Theatre: Antigone

Scottish Storytelling Centre, Edinburgh

Neil Cooper, Three stars

Loading article content

OXYGEN House theatre company may have taken a 20-year break since their last production, but the pioneering Edinburgh-based purveyors of dramatic abstraction have retained an inherent sense of style in John Mitchell's production of Sophocles' final play in his Theban trilogy. Presented in association with Acting Out Drama School at the venue where Oxygen House began their adventure in 1987, this regeneration features a largely female cast in Dudley Fitts and Robert Fitzgerald's 1938 translation.

Storm clouds seem to gather from the off amidst the blackness of a bare stage heightened by Phil Cooney's swirling soundscape. Into this step a black shirted chorus who turn their back on the action as Antigone pleads with her sister Ismene to help her bury their rebel brother Polynices against the will of Queen Creon. Creon herself is a lady not for turning, whose apparent strong and stable outlook is doomed to failure as it crumbles following the personal disaster she sets in motion.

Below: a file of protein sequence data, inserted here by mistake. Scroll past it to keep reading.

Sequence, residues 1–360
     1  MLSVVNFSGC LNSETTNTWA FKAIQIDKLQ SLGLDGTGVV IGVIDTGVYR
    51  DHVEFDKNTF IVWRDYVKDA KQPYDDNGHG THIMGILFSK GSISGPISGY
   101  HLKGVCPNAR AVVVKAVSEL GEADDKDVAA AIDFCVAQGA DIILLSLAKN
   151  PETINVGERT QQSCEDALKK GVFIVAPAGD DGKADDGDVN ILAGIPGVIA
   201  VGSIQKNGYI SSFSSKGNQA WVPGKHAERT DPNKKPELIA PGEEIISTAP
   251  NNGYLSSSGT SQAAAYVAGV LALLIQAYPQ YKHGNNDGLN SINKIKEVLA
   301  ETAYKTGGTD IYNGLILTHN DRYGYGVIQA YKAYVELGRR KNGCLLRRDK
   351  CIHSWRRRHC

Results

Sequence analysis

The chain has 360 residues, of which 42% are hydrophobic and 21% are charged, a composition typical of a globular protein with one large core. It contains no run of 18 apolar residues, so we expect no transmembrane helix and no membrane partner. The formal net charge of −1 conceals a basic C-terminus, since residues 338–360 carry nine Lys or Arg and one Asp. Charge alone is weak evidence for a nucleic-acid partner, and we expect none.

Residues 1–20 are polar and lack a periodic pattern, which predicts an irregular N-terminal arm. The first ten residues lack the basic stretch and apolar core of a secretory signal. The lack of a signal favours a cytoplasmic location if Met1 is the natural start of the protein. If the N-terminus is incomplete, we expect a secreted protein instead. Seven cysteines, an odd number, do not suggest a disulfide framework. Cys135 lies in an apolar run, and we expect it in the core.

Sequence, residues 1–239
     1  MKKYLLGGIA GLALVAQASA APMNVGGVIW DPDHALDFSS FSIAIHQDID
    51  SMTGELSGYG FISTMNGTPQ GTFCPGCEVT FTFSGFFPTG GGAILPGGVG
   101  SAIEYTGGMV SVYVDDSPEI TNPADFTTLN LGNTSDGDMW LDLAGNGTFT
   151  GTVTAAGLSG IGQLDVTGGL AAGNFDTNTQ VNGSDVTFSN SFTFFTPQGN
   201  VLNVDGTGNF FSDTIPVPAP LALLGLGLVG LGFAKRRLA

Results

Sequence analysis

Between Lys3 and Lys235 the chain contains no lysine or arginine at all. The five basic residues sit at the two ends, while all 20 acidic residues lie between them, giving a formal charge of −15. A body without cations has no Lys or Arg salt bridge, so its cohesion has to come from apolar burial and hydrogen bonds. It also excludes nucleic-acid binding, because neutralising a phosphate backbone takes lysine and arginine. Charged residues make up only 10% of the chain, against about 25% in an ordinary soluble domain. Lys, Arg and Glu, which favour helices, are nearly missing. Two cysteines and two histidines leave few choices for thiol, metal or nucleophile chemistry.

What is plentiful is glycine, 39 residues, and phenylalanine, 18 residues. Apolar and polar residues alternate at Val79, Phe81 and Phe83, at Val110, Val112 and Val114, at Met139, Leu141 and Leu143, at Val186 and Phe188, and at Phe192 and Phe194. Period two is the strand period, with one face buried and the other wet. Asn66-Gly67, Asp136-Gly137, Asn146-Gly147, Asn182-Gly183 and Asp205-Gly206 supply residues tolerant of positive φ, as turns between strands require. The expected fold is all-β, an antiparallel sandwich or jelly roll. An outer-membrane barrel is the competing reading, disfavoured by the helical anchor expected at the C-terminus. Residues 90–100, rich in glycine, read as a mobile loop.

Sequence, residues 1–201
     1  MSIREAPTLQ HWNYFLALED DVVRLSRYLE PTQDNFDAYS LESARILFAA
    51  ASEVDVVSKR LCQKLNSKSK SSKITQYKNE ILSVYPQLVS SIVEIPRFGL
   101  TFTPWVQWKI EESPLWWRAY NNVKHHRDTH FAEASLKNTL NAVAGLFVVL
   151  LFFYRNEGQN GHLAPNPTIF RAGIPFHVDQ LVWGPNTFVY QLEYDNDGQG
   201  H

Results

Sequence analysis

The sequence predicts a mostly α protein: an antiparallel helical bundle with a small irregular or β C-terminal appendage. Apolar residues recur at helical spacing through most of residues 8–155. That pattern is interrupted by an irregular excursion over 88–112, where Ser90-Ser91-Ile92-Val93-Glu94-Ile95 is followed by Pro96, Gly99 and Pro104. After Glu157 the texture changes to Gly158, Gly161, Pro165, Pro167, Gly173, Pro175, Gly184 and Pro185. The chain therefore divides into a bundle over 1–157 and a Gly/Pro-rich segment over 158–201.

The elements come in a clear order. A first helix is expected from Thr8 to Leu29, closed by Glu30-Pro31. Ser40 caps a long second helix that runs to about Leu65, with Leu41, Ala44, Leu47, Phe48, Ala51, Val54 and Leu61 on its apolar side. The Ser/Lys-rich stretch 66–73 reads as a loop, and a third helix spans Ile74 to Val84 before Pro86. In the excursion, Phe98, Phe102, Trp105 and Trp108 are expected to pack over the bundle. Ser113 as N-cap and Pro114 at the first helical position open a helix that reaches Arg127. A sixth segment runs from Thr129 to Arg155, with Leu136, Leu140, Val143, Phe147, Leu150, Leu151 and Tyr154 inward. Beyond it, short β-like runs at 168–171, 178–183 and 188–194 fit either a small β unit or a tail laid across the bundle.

With such a young cast led by Kat Shepherd as a fearless Antigone, the play's focus on the power of civil disobedience recalls some all too recent precedents. This becomes even more recognisable when Lucy May Wilson's initially reluctant Ismene stands in solidarity with her sibling. Creon's pig-headed absolutism, meanwhile, as played by a steely Jennifer Loney, lays bare a set of bloody consequences that leaves an entire nation scarred.

Mitchell's seven-strong onstage parade creates a militaristic spectacle that looks to be unbreakable until Antigone steps out of line. The result of this is a kind of revolutionary martyrdom in a martial reinvention of a play that shows the true value of defiance. It also marks what one hopes is the first of many more Oxygen House productions to come.